- Message from the Co-Chairmen (Spring 2012):
- HazCom Rule Adapts to World Standard
- Managing the Drugs that Are Part of Our Lives
- With Prescription Meds, Follow Doctor’s Orders
- Expired Drug Dilemma: Take or Toss?
- Drug Companies Face Scrutiny over Deals with Docs
- Win a Free TV!
- Baseball Sidelines Smokeless Tobacco
- Carteles del LHSFNA: ¡Ahora disponible en español!
- Obesity is a Night Shift Hazard
- Unintended Consequences of Binge Drinking
- Barred on Cigarette Packs, Graphic Ads Run on TV
- New Evidence Faults Nicotine Replacement Therapy
- Workers’ Memorial Day: Mother Jones’ Quest Never Ends
- Tick Alert
Barred on Cigarette Packs, Graphic Ads to Run on TV
When gasping-for-breath smokers say cigarettes aren’t worth it, it’s a lot harder to ignore. That’s the thought behind the U.S. government’s first paid anti-tobacco campaign.
In a series of ads running in newspapers and on billboards, TV, radio and social networking sites, clearly ill smokers implore people not to pick up the cigarette habit and suggest tips for quitting. The campaign was unveiled just days after U.S. Surgeon General Regina Benjamin reported tobacco use among teens to be a “pediatric epidemic.”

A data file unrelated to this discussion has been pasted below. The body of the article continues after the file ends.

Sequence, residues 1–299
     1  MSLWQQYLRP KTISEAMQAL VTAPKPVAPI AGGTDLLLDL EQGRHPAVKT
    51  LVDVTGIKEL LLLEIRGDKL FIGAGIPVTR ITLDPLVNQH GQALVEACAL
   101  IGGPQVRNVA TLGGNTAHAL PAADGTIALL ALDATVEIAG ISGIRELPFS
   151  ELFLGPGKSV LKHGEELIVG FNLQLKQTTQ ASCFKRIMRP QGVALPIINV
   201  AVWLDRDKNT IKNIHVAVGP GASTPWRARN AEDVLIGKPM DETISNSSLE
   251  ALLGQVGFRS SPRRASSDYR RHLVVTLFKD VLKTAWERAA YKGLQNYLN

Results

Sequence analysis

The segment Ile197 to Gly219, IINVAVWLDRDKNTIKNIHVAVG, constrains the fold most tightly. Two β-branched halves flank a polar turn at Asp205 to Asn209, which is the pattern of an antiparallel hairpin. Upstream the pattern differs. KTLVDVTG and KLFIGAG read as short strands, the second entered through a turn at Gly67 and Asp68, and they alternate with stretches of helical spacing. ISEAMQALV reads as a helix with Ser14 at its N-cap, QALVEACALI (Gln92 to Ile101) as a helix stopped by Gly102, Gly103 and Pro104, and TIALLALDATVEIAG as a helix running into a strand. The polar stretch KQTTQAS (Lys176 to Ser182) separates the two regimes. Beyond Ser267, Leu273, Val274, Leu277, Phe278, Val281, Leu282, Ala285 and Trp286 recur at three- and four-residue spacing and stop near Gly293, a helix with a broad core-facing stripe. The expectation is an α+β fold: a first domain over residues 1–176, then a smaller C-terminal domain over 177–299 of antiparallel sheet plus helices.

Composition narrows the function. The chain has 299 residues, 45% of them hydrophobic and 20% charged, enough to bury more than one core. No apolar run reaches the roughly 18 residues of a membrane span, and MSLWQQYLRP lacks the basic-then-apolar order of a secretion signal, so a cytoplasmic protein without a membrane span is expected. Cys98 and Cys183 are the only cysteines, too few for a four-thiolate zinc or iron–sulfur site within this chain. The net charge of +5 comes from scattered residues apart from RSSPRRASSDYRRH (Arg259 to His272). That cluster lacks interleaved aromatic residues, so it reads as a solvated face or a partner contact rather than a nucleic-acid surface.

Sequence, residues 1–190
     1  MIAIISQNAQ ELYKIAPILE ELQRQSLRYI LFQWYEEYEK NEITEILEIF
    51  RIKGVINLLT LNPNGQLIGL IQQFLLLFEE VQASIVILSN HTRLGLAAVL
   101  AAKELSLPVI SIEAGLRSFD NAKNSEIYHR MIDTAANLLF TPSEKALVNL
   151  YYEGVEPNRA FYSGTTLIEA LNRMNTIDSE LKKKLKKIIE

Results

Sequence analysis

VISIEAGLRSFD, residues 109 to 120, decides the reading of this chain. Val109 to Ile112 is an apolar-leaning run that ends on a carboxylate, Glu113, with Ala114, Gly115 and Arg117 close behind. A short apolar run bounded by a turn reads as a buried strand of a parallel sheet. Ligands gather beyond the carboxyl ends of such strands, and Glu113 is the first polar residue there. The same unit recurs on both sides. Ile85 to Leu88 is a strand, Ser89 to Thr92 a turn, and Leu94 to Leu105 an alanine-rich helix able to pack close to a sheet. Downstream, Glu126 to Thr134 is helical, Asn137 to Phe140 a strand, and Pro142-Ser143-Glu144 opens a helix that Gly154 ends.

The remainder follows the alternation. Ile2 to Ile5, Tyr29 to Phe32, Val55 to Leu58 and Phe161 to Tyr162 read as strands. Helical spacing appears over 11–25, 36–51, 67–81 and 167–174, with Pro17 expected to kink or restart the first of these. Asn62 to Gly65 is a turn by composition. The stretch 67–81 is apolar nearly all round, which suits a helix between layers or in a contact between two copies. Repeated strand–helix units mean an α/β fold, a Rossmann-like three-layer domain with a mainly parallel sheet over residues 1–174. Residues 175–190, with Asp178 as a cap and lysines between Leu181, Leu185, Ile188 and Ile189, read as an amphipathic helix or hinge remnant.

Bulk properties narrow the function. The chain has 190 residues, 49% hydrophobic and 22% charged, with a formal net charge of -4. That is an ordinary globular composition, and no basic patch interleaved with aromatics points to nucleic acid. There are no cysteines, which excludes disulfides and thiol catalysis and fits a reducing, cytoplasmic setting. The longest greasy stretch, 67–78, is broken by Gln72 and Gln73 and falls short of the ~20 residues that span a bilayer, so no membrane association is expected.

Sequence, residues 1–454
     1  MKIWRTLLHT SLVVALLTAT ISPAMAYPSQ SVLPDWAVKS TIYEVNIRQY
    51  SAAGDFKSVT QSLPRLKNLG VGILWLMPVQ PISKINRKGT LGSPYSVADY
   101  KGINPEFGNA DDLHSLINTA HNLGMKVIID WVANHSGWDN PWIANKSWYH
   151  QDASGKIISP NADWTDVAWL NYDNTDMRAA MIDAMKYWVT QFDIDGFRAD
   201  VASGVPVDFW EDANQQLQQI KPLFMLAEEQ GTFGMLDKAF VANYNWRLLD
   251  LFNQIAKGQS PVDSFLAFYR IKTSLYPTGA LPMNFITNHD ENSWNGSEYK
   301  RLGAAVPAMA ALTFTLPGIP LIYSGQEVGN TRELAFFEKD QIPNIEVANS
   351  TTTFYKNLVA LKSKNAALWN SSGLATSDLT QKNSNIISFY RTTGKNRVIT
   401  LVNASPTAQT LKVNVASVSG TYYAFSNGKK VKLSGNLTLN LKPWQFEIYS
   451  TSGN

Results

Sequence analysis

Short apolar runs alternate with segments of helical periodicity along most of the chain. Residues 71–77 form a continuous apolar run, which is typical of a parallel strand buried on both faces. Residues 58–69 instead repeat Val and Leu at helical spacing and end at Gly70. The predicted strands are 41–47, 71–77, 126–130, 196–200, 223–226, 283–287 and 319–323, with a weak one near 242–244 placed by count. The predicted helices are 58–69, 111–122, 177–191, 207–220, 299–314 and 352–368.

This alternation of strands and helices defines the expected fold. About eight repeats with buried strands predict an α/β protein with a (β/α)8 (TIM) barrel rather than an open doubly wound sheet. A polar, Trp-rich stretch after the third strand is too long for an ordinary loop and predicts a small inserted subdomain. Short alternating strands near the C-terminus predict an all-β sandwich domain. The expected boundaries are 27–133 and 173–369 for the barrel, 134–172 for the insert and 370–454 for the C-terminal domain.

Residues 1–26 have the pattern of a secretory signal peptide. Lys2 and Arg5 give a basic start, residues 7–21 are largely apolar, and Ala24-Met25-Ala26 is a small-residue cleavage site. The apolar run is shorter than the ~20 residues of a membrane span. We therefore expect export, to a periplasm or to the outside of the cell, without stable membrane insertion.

Coincidentally, the ads started running soon after a federal court ruling blocked a soon-to-be-implemented Food and Drug Administration (FDA) requirement that cigarette packs carry graphic images of dead bodies, rotting teeth and cancerous lungs (see Will Shocking Images Discourage Smoking? LIFELINES ONLINE, February 2011). U.S. District Court Judge Richard Leon sided with the tobacco companies, saying the required displays and hazard warnings violate the companies' free speech.
Educating the public to tobacco’s dangers “might be compelling,” Leon wrote, “[but] an interest in simply advocating that the public not purchase a legal product is not.” He agreed with the companies that the images were not realistic, educational portrayals of smoking’s hazards and that the requirement is nothing but an emotional ploy to convince people not to buy their products. Tobacco companies “share a responsibility to provide tobacco consumers with accurate information about the various health risks associated with smoking,” said Martin L. Holton lll, executive vice president and general counsel for tobacco giant R.J. Reynolds, “[but] the goal of informing the public about the risks of tobacco can and should be accomplished consistent with the U.S. Constitution.”
The images may still be headed for cigarette pack display. The Department of Justice has appealed the ruling.
[Janet Lubman Rathner]